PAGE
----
International Oscars: The 10 best foreign-language films to watch before this year's ceremony – Yahoo Entertainment

Courtesy of TIFF; Limbo Films, S. De R.L. de C.V. Courtesy of Netflix; Mubi
It took the Oscars nearly a century to honor a non-English-language film for Best Picture (that would be Bong Joon Ho’s audacious class masterpiece Parasite, in 2020). And with all the recent shuffles in format and presentation — who needs to see televised wins for Score, Editing, or Production Design, when there are Twitter polls and misdemeanor assaults to get to? — it can seem as if almost no category is safe from Academy whims. Still, like a shadow government, the nominees for Best International Feature tend to be where much of the best and most essential stuff lives: films frequently more vital, provocative, and frankly original than their main-body counterparts.
So who qualifies in 2022? Some of the rules can seem impossibly arcane: Only one production from each country may be submitted, and exceptions and asterisks abound. (Puerto Rico was eligible for decades, then suddenly not; Israel and Belgium, whose combined lifetime submissions top 100 films, have never taken a single prize home.) But certain titles have already emerged as favorites on the festival circuit; of the dozens of productions vying for this year’s five nominations, here are 10 frontrunners of note, from a Mexican auteur’s surreal autobiographical epic to a dreamy Polish picaresque about a runaway donkey.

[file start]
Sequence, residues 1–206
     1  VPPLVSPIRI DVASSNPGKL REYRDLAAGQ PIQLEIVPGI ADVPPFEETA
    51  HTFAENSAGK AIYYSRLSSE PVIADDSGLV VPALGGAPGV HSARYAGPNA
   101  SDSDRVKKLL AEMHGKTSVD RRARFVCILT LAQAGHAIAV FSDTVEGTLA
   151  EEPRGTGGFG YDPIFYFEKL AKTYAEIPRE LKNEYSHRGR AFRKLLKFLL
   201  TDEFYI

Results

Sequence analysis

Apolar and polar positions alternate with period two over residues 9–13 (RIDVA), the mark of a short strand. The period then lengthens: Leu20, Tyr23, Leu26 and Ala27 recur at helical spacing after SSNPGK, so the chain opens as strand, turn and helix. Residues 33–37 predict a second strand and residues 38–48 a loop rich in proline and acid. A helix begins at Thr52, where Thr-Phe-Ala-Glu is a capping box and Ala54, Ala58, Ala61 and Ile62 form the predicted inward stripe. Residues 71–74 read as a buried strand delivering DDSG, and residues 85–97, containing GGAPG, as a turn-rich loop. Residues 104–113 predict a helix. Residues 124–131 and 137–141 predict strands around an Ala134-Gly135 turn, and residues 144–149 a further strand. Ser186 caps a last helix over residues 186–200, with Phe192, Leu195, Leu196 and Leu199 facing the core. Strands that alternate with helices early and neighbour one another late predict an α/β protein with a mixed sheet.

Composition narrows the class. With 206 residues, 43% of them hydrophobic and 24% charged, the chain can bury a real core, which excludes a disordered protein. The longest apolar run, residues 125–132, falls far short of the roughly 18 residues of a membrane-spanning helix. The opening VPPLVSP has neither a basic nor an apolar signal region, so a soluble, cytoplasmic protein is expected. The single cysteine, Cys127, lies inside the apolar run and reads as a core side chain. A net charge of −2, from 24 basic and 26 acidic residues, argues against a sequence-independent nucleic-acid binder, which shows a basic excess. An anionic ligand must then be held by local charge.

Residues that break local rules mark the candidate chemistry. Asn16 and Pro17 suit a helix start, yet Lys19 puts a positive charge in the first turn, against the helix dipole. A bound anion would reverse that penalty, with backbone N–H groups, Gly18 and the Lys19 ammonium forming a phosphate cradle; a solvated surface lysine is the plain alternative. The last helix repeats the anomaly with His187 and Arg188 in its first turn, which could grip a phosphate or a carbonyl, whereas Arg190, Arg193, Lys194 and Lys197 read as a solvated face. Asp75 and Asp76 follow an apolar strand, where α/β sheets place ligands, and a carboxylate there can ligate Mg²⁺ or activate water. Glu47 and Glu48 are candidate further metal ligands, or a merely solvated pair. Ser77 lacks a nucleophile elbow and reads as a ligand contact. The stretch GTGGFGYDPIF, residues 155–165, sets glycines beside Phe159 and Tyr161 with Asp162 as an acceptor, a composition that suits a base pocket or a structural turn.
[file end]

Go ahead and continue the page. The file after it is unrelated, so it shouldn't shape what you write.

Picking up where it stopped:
Helmed by Alejandro Iñárritu, a major Hollywood player who already has two Best Director prizes (for Birdman and The Revenant), Bardo can’t help feeling like this year’s Moby Dick. Being the biggest fish may actually work against the Mexico City native’s self-refracting fever dream, along with its mondo runtime (now trimmed, after a divisive festival debut, by 22 minutes) and decidedly mixed reviews. Still, there’s a lot to be said for the sheer artistic shock and awe of the film’s ambitions, and the strength of its creator’s engagement with Academy voters. (Nov. 4 in theaters; Dec. 16 on Netflix)